Dendritic polyglycerol and N-isopropylacrylamide based thermoresponsive nanogels as smart carriers for controlled delivery of drugs through the hair follicle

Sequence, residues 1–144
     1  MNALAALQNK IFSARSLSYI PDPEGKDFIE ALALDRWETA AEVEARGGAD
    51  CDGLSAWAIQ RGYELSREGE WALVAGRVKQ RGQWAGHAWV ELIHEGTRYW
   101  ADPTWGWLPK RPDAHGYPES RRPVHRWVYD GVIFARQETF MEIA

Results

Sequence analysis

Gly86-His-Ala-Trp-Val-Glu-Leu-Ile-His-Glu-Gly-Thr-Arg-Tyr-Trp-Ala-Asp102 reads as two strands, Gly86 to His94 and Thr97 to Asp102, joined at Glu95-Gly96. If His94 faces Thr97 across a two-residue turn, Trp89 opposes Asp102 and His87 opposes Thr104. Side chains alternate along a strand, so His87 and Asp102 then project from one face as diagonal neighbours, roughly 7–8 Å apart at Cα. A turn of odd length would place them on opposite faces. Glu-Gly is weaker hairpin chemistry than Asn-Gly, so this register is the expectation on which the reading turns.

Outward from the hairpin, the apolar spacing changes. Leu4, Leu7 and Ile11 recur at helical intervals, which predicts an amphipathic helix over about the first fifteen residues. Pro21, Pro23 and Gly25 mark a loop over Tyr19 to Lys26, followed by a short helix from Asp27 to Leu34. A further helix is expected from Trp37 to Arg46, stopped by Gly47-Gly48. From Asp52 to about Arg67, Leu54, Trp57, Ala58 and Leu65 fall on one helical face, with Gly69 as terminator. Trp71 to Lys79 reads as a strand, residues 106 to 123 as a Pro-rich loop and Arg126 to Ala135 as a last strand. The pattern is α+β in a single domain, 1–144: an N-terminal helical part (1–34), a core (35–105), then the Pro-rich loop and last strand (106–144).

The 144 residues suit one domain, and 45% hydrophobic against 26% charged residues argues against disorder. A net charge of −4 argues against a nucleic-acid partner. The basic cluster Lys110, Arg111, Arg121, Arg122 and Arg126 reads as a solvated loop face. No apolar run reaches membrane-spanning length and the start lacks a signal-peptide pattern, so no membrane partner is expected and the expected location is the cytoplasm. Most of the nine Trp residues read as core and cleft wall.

Nanoparticles with a size of several hundred nanometers can effectively penetrate into the hair follicles and may serve as depots for controlled drug delivery. However, they can neither overcome the hair follicle barrier to reach the viable cells nor release the loaded drug adequately. On the other hand, small drug molecules cannot penetrate deep into the hair follicles. Thus, the most efficient way for drug delivery through the follicular route is to employ nanoparticles that can release the drug close to the target structure upon exposure to some external or internal stimuli. Accordingly, 100–700 nm sized thermoresponsive nanogels with a phase transition temperature of 32–37 °C were synthesized by the precipitation polymerization technique using N-isopropylacrylamide as a monomer, acrylated dendritic polyglycerol as a crosslinker, VA-044 as an initiator, and sodium dodecyl sulphate as a stabilizer. The follicular penetration of the indodicarbocyanine (IDCC) labeled nanogels into the hair follicles and the release of coumarin 6, which was loaded as a model drug, in the hair follicles were assessed ex vivo using porcine ear skin. Confocal laser scanning microscopy (CLSM) enabled independent tracking of the nanogels and the loaded dye, although it is not as precise and accurate as standard analytical methods. The results showed that, unlike smaller nanogels (<100 nm), medium and larger sized nanogels (300–500 nm) penetrated effectively into the hair follicles with penetration depths proportional to the nanogel size. The release of the loaded dye in the hair follicles increased significantly when the investigation on penetration was carried out above the cloud point temperature of the nanogels. The follicular penetration of the nanogels from the colloidal dispersion and a 2.5% hydroxyethyl cellulose gel was not significantly different.